Two Sigma Names Tom Hill to Oversee Private Investment Business
(Bloomberg) -- Two Sigma Investments, the $58 billion quant firm, named veteran investor Tom Hill chairman of its private investment business, where he will lead the group’s expansion plans as it aims to marry data science and less-liquid markets.
Hill, who built Blackstone Group Inc.’s alternative-asset management unit into one of the world’s largest hedge fund investors, joined Two Sigma part-time as a consultant in 2019. In his new full-time role, he will set strategy and growth plans across Two Sigma’s venture, private equity and impact-investing groups, which together have $3 billion in assets.
“I’ve been very fortunate because I’ve been able to take advantage of the wind at my back in three major trends: the first was M&A, the second was private equity and the third was hedge funds,” Hill, 72, said Wednesday in an interview. “Now technology is the fourth major opportunity where the wind is at my back, and I can marry my dealmaking and business-building skills with Two Sigma technology and private investing.”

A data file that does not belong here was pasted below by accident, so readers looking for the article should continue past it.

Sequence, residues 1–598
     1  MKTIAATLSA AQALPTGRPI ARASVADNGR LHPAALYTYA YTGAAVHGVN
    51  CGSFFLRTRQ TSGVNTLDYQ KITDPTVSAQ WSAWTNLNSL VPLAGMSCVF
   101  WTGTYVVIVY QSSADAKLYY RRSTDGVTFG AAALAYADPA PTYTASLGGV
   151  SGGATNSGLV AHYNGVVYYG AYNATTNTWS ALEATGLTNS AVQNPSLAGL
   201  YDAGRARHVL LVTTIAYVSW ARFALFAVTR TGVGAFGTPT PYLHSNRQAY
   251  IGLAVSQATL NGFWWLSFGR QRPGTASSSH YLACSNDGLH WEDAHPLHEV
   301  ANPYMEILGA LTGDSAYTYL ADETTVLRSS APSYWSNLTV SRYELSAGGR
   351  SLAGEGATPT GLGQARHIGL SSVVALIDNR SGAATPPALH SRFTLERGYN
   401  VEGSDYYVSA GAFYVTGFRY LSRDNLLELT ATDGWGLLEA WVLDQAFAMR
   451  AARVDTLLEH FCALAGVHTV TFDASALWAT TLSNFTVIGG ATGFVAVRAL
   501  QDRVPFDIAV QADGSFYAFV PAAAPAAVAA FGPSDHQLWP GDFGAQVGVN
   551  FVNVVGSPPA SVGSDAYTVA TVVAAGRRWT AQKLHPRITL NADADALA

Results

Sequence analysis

Two Sigma is seeking to bolster its private-investments group as such firms rake in capital at a record pace and dealmakers take advantage of pandemic-induced market opportunities. The firm, founded by David Siegel and John Overdeck in 2001, began investing in private markets more than a decade ago.
Hill will seek to increase the use of data science and other technologies across Two Sigma Ventures, Sightway Capital and the latest addition, Two Sigma Impact -- using them for diligence and sourcing of deals as well as to grow the companies they own.
Prior to joining Two Sigma as a consultant, Hill already had a longstanding relationship with Siegel and Overdeck. Blackstone Alternative Asset Management was an early investor in the quant firm, whose biggest business is hedge funds.
Hill, who retired from Blackstone at the end of 2018 after 25 years, began his career at First Boston, co-founding the firm’s M&A department, and then ran a similar group at Smith Barney. He later ran Lehman Brothers’ investment-banking practice and eventually became co-CEO.
“As long as I’ve got my health, as long as I’ve got my energy, this is what I want to be doing,” Hill said. “And I’m having more fun than I’ve had in a long time.”
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